ankylosaur

Who You Gonna Call? Ankylosaur!

A new sub-species of the ankylosaur, known for its unique, dangerous tail club, has been named after a classic Ghostbusters baddie.

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What do Ghostbusters and one of the last non-avian dinosaurs have in common?

Quirky scientists, naturally – they’re after naming a new sub-species after Zuul, the fridge-haunting monster from the 1984 classic.

Zuul crurivastator strolled around on all fours and packed a lot of armour on its wide body, with large horns covering everywhere from head to toe. Discovered in Montana and subsequently reconstructed, this is the most complete North American ankylosaurine skeleton ever.

An abundance of soft tissue was found preserved across the skeleton, making this fossil an important reference point for understanding the evolution of skin structures in this dino class.

Victoria Arbour, Department of Paleobiology at the Royal Ontario Museum (ROM) along with co-author David C. Evans published their study of the 75 million-year-old fossil. The excellent state of preservation is the basis for their call to excavate more of the upper Judith River Formation, as this is a “historically significant” geological area.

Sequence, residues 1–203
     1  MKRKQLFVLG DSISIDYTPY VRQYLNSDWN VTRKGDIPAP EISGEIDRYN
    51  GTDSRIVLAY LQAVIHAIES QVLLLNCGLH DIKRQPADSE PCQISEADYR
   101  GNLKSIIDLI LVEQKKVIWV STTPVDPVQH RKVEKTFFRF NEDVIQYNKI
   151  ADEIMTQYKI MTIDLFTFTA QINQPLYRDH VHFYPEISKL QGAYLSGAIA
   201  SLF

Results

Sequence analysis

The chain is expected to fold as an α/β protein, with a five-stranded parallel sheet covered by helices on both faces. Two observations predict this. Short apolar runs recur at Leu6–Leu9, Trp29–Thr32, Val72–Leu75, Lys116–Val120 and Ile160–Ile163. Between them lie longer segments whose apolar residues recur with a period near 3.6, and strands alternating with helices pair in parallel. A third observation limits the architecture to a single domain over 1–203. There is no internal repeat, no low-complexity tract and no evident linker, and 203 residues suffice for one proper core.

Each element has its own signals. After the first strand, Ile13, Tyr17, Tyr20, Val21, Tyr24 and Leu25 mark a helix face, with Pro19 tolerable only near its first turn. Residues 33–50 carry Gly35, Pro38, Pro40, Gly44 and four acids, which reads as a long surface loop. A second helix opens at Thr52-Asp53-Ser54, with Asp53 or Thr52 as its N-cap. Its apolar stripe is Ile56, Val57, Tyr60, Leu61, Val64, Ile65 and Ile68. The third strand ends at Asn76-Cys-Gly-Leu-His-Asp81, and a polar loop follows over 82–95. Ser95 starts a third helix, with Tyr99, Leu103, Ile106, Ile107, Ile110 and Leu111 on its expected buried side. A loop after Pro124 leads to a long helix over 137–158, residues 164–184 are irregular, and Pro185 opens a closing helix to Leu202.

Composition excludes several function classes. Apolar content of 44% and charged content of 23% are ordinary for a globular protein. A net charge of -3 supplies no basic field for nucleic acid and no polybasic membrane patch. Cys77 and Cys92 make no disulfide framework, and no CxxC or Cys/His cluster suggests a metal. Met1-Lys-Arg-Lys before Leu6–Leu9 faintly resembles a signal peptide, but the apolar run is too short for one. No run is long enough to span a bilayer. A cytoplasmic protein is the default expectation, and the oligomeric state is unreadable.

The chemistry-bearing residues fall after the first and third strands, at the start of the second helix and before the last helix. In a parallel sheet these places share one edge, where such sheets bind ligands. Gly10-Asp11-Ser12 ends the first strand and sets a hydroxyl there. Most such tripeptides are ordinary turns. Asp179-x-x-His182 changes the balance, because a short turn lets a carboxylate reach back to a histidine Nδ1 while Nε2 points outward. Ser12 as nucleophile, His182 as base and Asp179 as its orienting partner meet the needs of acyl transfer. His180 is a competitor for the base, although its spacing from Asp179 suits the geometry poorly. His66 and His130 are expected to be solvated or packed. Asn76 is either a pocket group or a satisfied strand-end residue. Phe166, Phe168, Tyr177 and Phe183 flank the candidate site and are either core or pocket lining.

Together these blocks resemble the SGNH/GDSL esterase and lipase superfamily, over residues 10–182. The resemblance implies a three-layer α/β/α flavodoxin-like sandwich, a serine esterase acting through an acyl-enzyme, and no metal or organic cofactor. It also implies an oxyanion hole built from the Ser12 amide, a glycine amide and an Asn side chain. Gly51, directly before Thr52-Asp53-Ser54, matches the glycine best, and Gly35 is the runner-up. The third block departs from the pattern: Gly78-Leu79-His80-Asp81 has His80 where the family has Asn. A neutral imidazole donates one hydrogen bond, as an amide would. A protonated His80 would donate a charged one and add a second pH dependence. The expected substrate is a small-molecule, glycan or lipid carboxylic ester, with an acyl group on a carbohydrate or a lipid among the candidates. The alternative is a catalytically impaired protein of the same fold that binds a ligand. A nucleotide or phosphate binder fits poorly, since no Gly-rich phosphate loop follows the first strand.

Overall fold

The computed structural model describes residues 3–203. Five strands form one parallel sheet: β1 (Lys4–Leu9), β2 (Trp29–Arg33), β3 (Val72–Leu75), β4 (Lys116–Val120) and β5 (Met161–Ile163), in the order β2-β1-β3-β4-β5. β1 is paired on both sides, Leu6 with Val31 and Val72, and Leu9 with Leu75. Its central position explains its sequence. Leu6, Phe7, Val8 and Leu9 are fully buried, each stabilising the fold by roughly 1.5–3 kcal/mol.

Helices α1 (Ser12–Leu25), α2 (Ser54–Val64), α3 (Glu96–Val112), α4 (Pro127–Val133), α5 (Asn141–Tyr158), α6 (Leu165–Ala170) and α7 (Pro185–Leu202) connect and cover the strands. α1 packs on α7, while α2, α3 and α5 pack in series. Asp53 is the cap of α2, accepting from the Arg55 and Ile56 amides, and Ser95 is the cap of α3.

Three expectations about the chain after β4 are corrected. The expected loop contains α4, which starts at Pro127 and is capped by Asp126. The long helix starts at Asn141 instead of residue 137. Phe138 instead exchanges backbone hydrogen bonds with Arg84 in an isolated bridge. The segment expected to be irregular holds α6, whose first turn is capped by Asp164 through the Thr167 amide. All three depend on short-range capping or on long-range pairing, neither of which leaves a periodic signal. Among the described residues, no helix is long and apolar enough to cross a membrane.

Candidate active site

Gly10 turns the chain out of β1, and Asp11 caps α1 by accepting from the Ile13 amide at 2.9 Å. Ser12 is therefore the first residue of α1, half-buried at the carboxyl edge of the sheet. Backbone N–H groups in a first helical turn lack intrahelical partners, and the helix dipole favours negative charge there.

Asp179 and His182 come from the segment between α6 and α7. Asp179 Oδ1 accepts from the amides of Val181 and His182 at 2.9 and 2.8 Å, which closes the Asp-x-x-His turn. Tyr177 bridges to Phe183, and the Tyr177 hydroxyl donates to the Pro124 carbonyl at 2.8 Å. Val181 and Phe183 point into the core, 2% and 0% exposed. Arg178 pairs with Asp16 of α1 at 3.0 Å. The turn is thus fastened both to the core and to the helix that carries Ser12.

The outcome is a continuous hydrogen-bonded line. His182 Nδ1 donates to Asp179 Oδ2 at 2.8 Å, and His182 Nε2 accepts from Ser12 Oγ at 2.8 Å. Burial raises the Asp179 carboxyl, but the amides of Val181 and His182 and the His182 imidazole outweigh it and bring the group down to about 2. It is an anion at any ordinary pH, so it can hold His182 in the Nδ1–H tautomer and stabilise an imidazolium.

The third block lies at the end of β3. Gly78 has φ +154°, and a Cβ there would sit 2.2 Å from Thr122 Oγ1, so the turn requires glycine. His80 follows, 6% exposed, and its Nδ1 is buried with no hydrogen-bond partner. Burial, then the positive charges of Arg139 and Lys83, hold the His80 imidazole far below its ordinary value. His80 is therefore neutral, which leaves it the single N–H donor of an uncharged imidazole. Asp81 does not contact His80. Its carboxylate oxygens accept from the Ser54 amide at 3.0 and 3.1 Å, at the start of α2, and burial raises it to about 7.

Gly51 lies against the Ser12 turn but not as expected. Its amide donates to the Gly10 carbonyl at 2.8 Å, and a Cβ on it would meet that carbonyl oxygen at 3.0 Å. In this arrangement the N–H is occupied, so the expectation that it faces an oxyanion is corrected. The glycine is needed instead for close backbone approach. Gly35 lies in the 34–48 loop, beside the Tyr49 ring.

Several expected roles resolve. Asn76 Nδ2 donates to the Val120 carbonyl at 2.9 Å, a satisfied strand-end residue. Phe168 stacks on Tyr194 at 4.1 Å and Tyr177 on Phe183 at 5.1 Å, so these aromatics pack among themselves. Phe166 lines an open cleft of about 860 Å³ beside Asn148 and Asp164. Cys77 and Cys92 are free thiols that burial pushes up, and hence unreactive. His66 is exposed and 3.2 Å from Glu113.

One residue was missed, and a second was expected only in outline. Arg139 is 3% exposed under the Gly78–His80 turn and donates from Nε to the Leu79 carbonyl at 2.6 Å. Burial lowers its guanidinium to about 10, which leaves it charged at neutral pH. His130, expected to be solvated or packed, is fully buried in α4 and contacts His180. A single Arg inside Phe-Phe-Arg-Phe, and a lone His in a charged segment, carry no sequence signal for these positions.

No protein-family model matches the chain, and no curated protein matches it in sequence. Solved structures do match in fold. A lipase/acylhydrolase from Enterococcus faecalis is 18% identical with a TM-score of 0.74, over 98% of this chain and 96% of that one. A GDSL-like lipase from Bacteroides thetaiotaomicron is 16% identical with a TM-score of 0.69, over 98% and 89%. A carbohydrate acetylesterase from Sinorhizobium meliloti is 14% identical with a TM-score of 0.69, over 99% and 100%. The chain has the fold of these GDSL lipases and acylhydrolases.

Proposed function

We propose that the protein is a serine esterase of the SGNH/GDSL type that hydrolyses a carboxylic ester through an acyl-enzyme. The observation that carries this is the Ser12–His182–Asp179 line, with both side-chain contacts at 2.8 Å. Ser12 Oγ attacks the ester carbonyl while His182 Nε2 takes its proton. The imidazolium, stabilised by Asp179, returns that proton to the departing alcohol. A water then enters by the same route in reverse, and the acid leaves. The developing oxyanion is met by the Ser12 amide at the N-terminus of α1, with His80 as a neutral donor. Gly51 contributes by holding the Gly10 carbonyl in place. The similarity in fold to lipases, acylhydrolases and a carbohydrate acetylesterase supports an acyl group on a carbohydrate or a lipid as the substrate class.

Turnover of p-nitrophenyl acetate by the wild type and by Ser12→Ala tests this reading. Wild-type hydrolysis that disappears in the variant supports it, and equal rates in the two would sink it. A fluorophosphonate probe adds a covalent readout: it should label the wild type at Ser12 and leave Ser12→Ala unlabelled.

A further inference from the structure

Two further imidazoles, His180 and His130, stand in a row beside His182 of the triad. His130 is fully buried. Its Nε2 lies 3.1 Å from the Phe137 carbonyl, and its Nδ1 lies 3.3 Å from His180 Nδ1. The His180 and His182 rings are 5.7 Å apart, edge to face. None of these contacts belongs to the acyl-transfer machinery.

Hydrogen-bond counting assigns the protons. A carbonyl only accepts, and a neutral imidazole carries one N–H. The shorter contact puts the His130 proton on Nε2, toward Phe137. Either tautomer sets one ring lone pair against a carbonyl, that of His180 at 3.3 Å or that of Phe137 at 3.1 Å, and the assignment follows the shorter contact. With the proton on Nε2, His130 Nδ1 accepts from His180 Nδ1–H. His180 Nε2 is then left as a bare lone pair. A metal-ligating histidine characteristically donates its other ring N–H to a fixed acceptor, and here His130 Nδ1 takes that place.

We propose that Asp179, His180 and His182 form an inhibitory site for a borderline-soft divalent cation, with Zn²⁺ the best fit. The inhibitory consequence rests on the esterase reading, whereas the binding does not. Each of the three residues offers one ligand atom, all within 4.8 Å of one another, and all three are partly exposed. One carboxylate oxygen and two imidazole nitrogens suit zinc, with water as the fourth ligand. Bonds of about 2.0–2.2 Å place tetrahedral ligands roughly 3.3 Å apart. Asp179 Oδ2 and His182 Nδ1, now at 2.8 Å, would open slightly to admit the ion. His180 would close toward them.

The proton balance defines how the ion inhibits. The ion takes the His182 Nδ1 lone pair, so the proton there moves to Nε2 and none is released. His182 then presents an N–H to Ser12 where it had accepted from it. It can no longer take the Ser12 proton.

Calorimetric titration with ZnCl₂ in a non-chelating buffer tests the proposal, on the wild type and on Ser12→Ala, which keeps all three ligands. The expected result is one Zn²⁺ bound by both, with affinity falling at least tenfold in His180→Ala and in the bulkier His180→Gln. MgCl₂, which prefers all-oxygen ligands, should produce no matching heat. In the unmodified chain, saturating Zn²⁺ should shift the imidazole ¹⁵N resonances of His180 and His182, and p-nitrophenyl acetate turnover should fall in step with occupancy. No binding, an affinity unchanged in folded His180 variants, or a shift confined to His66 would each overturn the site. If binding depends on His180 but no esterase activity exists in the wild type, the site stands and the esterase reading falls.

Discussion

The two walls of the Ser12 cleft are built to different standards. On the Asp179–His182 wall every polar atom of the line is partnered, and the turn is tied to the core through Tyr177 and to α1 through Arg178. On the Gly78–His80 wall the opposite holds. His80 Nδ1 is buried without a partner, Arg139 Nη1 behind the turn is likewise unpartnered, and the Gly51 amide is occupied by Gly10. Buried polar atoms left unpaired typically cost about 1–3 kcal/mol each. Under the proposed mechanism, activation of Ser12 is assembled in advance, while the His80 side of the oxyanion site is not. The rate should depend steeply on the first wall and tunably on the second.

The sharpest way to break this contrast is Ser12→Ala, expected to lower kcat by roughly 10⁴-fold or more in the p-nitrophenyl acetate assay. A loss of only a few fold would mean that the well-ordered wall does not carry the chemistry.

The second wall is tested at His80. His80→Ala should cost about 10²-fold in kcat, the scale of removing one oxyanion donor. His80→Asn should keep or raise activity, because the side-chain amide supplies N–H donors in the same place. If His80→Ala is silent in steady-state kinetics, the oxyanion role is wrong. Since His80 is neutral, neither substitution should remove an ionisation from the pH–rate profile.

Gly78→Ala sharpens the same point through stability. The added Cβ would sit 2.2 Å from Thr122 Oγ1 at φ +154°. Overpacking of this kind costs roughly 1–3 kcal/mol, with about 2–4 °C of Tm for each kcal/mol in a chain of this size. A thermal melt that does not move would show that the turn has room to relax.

Prehistoric wrecking ball

This is the first time an ankylosaurine fossil has been found with its tail club and skull intact. The tail club is unique to ankylosaurs and made for quite the weapon; it was effectively a wrecking ball used to bash away predators or rival ankylosaurs competing for mates or food.

The fruits of this fossil don’t stop there, however, as this discovery also solves a major piece of the puzzle regarding the species’ geographic and stratigraphic record.

The authors claim they now have evidence that this species was “undergoing rapid evolutionary rates” similar to other Laramidian dinosaur classes.

As for the marriage between Ghostbusters and such a significant paleontological find, how can that not bring a smile to your face? Scientists aren’t as dry and dull as you think.

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Barry is a journalist, editor, and marketer for several media outlets including HeadStuff, The Media Editor, and Buttonmasher Magazine. He earned his Master of the Arts in Journalism from Dublin City University in 2017 and moved to Toronto to pursue a career in the media. Barry is passionate about communicating and debating culture, science, and politics and their collective global impact.